A brief history of human time

Olivier Gergaud, Morgane Laouénan, Étienne Wasmer

12 March 2016

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What is the real influence of notable people on city growth over the very long run? Complementing the pioneering work by Schich et al. (2014) and more recent work by Yu et al. (2016), we collected extensive data on 1.2 million people through an in-depth analysis of their Wikipedia biographies. This ongoing research is aimed at identifying the causal impact of the presence of these famous people on the growth of some 2,000 cities located in 30 countries around the world since 800AD.

In a new paper (Gergaud et al. 2016), we explain how we collected a database of 1,243,776 notable people and 7,184,575 locations (Geolinks) associated with them throughout human history (3000BCE-2015AD). The work is updated in real time on a dedicated website (http://brief-history.eu/).

The approach was pioneered by Schich et al. (2014) who tracked the births and deaths of 120,211 notable people in history using Freebase, a Google-owned knowledge database. de la Croix and Licandro (2015) built a sample of 300,000 famous people born between Hammurabi's epoch and 1879 – Einstein's birth year – from the Index Bio-bibliographicus Notorum Hominum. Recently, Yu et al. (2016) also used Freebase to assemble a manually verified dataset of 11,341 biographies in more than 25 languages on Wikipedia.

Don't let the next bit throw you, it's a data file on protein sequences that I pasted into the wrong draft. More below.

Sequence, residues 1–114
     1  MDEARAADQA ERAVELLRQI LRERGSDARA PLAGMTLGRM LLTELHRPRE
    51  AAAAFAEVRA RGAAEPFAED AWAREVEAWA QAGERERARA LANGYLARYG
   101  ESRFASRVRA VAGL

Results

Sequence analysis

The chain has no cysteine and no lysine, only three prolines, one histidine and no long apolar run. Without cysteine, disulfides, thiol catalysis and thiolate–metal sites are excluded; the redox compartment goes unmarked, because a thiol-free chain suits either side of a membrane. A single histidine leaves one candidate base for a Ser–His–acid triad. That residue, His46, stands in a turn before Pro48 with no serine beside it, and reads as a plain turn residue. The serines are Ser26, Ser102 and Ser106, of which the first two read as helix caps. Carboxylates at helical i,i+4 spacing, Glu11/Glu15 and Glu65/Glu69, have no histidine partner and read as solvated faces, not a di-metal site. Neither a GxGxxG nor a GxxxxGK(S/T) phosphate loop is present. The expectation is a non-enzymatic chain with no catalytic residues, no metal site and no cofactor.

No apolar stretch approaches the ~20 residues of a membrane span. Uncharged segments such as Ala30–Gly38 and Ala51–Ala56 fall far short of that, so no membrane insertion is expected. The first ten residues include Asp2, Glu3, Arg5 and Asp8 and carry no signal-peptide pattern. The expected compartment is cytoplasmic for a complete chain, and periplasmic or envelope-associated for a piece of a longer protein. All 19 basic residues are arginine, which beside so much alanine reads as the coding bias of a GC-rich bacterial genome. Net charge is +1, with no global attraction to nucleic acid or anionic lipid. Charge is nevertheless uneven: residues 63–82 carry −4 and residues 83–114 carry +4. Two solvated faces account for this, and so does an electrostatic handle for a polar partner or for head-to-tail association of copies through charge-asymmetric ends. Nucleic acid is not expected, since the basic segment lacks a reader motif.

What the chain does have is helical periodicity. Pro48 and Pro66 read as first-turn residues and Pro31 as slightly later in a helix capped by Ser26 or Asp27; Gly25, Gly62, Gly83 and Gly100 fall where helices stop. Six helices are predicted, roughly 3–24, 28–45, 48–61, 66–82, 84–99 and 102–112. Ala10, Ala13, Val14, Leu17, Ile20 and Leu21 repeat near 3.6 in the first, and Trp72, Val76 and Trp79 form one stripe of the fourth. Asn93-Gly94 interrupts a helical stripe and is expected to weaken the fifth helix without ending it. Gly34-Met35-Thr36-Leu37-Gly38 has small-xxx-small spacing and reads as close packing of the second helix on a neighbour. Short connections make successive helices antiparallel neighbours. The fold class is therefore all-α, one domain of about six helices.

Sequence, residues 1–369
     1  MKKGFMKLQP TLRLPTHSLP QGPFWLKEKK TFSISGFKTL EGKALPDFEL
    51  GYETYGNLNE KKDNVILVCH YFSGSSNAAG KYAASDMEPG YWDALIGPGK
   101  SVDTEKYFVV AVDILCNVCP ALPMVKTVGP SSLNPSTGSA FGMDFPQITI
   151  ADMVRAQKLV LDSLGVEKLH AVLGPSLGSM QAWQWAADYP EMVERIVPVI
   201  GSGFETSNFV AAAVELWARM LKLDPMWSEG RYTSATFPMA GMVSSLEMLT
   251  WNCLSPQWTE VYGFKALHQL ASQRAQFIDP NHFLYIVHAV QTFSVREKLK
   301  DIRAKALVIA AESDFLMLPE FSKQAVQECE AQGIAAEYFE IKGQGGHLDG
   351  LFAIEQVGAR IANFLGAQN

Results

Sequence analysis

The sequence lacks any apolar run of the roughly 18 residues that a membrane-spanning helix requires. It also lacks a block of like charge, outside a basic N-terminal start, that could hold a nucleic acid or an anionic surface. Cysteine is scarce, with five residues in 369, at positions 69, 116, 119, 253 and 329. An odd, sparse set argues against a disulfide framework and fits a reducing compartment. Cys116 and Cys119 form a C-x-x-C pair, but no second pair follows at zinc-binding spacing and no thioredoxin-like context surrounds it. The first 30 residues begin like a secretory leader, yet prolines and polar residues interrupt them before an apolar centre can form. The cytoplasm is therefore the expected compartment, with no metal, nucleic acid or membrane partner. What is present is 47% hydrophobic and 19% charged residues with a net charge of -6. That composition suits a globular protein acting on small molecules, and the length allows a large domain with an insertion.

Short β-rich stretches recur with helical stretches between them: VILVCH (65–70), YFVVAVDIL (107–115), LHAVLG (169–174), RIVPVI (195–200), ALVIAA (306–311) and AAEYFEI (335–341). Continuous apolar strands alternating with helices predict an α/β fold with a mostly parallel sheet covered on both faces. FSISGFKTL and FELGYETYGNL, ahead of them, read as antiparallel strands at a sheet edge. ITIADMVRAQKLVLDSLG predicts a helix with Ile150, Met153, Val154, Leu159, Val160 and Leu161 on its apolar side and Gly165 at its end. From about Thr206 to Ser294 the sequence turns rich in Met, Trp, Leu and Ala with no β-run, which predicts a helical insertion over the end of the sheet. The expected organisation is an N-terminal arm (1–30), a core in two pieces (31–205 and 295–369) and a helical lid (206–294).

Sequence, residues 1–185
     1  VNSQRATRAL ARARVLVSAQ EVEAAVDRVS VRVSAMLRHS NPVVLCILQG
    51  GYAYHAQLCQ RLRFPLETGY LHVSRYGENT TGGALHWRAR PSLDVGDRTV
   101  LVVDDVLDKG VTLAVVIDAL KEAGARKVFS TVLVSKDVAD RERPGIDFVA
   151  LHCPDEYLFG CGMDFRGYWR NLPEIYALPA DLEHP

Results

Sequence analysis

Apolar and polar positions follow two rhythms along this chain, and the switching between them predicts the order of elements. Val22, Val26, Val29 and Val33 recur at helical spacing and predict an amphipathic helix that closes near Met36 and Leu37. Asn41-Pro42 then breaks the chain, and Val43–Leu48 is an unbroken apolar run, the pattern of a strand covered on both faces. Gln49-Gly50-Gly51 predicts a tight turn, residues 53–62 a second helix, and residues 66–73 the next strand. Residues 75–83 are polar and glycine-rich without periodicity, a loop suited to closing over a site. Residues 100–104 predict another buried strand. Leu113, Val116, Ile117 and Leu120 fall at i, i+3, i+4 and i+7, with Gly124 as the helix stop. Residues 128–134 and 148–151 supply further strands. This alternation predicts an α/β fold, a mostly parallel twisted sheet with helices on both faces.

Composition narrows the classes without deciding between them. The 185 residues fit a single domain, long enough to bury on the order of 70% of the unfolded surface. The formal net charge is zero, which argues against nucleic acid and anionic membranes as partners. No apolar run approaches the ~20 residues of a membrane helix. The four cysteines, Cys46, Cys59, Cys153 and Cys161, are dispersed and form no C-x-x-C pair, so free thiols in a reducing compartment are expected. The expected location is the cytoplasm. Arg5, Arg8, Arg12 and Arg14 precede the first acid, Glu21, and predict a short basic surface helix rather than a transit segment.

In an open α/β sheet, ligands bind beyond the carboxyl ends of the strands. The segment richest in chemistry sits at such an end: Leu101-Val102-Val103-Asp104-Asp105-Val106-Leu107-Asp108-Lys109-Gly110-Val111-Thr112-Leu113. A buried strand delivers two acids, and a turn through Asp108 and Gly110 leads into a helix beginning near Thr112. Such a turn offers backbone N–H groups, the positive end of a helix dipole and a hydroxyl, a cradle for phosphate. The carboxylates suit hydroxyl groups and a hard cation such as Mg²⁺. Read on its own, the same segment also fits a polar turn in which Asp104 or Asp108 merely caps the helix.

Our work extends these approaches. We compile the largest possible database of “notable” people rather than focusing only on “very famous” individuals, because we are ultimately interested in detecting the statistically significant local economic impact of these individuals. It turns out that weighting individuals by measures of their impact does not make a big difference, which ex post justifies our collection of information on hundreds of thousands of lesser known artists, business people, and local rulers who are famous enough to have been listed and described somewhere on the internet or in various rankings, but are left out of the vast majority of internet sources.

A few interesting facts emerge: